There is good news, however. A person does not have to become impoverished to pay for long-term care. Special needs trusts, home equity loans or even reverse mortgages may be options. Medicaid may also be an option. What option is right for you depends on your specific circumstances. No two cases are the same.

How common is the need for long-term care planning?

Some people in New Jersey plan carefully for the care they will need in their old age, but others may find their health has deteriorated quickly and they are in immediate need of services. According to the U.S. Department of Health and Human Services, on average a person who is currently age 65 will have nearly a 70% chance of needing some sort of long-term care before they pass away. On average women will need 3.7 years of long-term care services, while men will only need 2.2 years of long-term care services on average.

Of course, this means that on average approximately one-third of those currently age 65 will never need to utilize long-term care services before they pass away. However, on average 20% of those currently age 65 will need to utilize long-term care services for more than five years. Therefore, long-term care planning can be beneficial for anyone in New Jersey. After all, no one knows what the future will bring.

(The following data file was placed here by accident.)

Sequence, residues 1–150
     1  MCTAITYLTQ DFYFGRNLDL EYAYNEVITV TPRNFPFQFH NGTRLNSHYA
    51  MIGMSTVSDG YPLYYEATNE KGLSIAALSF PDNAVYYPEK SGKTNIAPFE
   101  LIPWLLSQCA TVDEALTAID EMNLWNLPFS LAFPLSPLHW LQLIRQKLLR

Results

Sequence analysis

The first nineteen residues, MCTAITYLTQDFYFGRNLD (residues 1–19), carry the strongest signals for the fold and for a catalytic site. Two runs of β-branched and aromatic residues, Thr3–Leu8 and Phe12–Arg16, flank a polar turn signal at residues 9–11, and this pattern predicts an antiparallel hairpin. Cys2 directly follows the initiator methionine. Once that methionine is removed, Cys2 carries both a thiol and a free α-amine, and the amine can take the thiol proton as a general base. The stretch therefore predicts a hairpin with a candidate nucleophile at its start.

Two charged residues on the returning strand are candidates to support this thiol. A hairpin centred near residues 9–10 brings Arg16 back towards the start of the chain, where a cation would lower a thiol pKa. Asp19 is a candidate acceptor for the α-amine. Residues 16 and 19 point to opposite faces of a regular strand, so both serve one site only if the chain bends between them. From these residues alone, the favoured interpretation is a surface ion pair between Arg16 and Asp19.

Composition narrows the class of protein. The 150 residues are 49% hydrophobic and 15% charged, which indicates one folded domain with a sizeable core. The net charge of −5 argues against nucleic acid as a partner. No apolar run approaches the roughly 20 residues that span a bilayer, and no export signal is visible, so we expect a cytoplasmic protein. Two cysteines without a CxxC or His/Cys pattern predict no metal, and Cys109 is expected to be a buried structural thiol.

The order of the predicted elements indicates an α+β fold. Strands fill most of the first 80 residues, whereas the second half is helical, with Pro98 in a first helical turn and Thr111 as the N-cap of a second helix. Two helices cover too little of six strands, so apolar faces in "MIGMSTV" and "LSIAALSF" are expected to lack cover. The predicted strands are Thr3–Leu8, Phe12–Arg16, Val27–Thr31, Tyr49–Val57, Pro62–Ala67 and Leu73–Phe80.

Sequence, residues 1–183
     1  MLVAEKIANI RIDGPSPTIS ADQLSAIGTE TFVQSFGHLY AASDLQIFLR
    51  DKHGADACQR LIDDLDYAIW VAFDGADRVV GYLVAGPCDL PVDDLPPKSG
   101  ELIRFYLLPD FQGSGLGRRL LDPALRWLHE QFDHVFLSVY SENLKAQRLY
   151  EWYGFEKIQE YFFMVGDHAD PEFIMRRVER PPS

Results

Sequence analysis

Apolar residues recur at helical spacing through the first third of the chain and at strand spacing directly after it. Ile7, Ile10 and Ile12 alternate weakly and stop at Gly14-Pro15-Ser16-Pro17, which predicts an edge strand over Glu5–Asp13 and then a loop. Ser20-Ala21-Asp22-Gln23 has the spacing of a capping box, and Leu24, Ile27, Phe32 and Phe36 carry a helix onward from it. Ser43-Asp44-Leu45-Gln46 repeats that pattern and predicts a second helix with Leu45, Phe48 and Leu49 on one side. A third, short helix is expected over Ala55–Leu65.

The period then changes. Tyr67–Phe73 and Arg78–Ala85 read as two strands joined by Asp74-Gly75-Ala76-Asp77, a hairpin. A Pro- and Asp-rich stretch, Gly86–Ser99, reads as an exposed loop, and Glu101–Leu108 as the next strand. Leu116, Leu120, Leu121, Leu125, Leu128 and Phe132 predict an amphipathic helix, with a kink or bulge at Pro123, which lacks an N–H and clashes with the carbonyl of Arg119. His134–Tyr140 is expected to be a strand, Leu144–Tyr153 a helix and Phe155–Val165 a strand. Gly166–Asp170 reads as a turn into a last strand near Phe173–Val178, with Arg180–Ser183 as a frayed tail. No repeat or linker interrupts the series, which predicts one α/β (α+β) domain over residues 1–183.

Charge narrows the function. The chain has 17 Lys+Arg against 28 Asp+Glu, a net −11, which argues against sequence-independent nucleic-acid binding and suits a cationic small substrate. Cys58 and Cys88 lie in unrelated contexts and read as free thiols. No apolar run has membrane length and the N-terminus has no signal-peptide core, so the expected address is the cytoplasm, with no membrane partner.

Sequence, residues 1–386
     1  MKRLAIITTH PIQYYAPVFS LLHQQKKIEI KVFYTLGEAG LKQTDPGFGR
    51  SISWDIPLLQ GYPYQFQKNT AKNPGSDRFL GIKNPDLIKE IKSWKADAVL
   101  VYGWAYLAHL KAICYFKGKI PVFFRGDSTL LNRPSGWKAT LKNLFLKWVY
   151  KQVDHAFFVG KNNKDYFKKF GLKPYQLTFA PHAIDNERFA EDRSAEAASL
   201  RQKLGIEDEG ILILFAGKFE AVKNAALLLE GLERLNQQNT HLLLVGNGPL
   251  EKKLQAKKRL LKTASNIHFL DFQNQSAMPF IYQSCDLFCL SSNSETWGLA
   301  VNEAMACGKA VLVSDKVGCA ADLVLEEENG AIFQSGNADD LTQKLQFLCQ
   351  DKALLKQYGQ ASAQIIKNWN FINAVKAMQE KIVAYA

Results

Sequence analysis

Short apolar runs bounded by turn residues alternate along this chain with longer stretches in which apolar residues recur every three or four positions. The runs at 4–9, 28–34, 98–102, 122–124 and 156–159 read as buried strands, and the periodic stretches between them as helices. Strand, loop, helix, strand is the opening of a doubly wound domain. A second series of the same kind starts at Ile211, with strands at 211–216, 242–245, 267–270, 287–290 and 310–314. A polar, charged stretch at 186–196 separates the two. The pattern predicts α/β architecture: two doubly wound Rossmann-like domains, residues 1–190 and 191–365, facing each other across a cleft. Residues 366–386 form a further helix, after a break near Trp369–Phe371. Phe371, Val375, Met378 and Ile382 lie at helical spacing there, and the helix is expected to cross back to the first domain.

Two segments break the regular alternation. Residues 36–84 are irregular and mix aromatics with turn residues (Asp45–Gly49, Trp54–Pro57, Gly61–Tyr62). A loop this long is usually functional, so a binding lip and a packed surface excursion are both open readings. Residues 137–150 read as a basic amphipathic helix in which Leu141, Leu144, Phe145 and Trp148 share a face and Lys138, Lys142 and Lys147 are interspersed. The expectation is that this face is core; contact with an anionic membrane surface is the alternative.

The costs of long-term care can be expensive

Young New Jersey residents in the throes of their careers and the midst of raising their children may not be able to see far enough into the future to a time when their lives are relaxed. The frenetic pace of everyday life can absorb individuals and cause them to lose focus of the fact that someday they may not want to or be able to work. Retirement is achieved by many individuals throughout the nation, but not all retirees find that they have saved enough money to cover all their long-term costs.

Recent estimates on the costs of long-term care suggest that individuals may need hundreds of thousands of dollars just to provide for themselves for a few years. For example, a private room in a nursing home may cost in excess of $100,000 per year, and many older adults need supportive care for two to five years.